HIP TWISTS: Hitter places bat (stick, broomhandle, etc.) behind back on waistline.  With hands gripping the bat from behind, get in stance.  Take inward turn, stride and stop.  Then take top hand (i.e., right hand for RH hitter) and forcefully pull bat around waist, rolling up on back foot (squishing the bug) with head down, toward imaginary ball.  Knees and belly button should then be facing the "pitcher."  Go back to normal stance and repeat.  Doing this 10  20 times a day programs young hitters to get that lower body working correctly without conscious thought (Muscle Memory). 

FENCE DRILL: (Designed for hitters who extend their arms and hands too early in their swing {casting}, sweeping at the ball.)
Have hitter take batting stance with the outside of the rear end against a fence or wall.  The object is to have the hitter take a normal swing without making contact with the fence or wall.  Start in slow motion, for obvious reasons.  Improper swing and bat angle will provide immediate negative feedback.  The key here is to keep the barrel above the rear shoulder at the proper bat angle (good launch position) and swing through the ball.  If a hitter does this with hands in close to the body (inside the ball), allowing back foot to begin first, they will complete the drill properly.  If hitter takes a stride, rotates back foot and hips, keeping the bat head above the hands, hands inside the ball, and opens up away from the fence, they can swing down and through the ball without hitting the fence.  Full arm extension does not take place until immediately after contact.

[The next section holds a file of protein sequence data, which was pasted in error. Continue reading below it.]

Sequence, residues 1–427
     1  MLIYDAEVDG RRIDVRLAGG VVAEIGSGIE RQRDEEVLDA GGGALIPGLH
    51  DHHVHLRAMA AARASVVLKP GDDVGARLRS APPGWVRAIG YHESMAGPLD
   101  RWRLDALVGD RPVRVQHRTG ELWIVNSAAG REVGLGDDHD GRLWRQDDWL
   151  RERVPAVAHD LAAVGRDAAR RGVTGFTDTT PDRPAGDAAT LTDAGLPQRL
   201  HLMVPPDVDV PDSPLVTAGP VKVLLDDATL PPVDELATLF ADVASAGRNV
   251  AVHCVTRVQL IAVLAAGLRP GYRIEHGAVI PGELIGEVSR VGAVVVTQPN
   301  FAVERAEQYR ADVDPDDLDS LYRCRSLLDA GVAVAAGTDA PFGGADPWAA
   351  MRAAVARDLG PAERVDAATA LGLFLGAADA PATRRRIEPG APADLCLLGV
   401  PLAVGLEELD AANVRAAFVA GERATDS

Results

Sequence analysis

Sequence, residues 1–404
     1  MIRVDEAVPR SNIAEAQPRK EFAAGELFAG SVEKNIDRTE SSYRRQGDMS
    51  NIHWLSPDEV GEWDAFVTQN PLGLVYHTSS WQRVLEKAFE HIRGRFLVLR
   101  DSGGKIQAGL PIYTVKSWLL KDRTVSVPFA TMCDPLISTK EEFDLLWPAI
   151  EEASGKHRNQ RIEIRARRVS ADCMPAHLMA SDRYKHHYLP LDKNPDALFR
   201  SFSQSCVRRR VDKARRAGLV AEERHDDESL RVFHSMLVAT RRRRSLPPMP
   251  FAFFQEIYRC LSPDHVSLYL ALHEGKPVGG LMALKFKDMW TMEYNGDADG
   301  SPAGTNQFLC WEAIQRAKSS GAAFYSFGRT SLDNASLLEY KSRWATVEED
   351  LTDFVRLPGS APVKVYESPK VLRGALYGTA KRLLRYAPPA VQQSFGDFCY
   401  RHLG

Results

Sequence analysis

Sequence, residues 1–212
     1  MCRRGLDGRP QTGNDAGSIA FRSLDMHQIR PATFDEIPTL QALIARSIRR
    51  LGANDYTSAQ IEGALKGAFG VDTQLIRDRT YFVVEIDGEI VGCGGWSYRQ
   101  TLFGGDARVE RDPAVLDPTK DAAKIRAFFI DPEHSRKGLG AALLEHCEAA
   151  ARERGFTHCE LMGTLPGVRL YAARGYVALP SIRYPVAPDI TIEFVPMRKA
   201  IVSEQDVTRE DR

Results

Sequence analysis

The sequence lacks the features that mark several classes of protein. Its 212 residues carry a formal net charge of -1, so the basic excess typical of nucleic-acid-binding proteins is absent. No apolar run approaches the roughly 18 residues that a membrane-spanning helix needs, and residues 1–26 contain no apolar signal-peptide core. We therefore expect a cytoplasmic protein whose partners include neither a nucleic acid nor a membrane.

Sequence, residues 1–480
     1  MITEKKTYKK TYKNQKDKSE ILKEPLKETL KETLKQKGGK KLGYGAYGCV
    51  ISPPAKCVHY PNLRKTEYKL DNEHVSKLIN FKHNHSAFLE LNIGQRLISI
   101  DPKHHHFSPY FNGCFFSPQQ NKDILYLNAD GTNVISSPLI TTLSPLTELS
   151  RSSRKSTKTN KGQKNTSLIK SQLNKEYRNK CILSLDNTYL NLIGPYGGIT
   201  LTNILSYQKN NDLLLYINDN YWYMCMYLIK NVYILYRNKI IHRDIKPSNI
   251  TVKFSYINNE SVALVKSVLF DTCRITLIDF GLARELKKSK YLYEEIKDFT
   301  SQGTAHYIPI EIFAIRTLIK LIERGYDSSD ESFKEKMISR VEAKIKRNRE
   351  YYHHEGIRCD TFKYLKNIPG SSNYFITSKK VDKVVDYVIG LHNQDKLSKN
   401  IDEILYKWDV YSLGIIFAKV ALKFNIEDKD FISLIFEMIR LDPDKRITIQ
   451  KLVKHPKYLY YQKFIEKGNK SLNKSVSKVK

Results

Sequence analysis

WIFFLE GOLF BALL SOFT TOSS: Do this in groups of 3 or 4, with the coach soft-tossing; one player batting and the rest fielding the balls and returning them to the bucket.  Have the hitter take their normal stance, inward turn, and stride, and then hit the wiffle golf balls as you toss them.  You can make it more challenging by having your hitters use a 1.5 foot broom handle instead of a bat.  This forces the hitter to really "SEE" the ball, by keeping their head (both eyes) down on the ball, in order to make contact.  Really emphasize the "head down" aspect by making them keep their heads down, even after completion of a proper follow-through.

CHAIR DRILL: (Good drill for Uppercutters.)
Place a batting tee on home plate, with a folding chair behind the tee, with the seat part closest to the tee.  Make sure that the tee is just slightly lower than the back of the chair so that the hitter must swing with a slightly downward angle through the ball.  If the hitter uppercuts, they will only hit the back of the chair (again, providing instant feedback).  Metal chairs seem to be very effective in teaching the proper bat angle during the swing.  This drill can be taught relatively easily and is excellent for developing the necessary "line drive" stroke.

ARM ISOLATION DRILL: (Used to develop equal strength in both top and bottom arms.)
Have batter, using only one arm at a time, take stance, inward turn, stride and full cut at balls off of a tee.  Emphasize "staying back" on the ball.  Batter will need to choke up a lot, and initially need to place the unused hand under the armpit of the swinging arm for additional support.  Take about 20 cuts at a time with each arm, making sure to keep the barrel higher than the hands, and follow through.  At first, most players will find their top arm to be stronger; therefore, requiring more reps with the bottom arm.  The objective is to reduce the gap between the ability of each arm, ideally becoming equally adept with both.  (Many players suffer from a weak lead hand!)  You can soft toss to older players.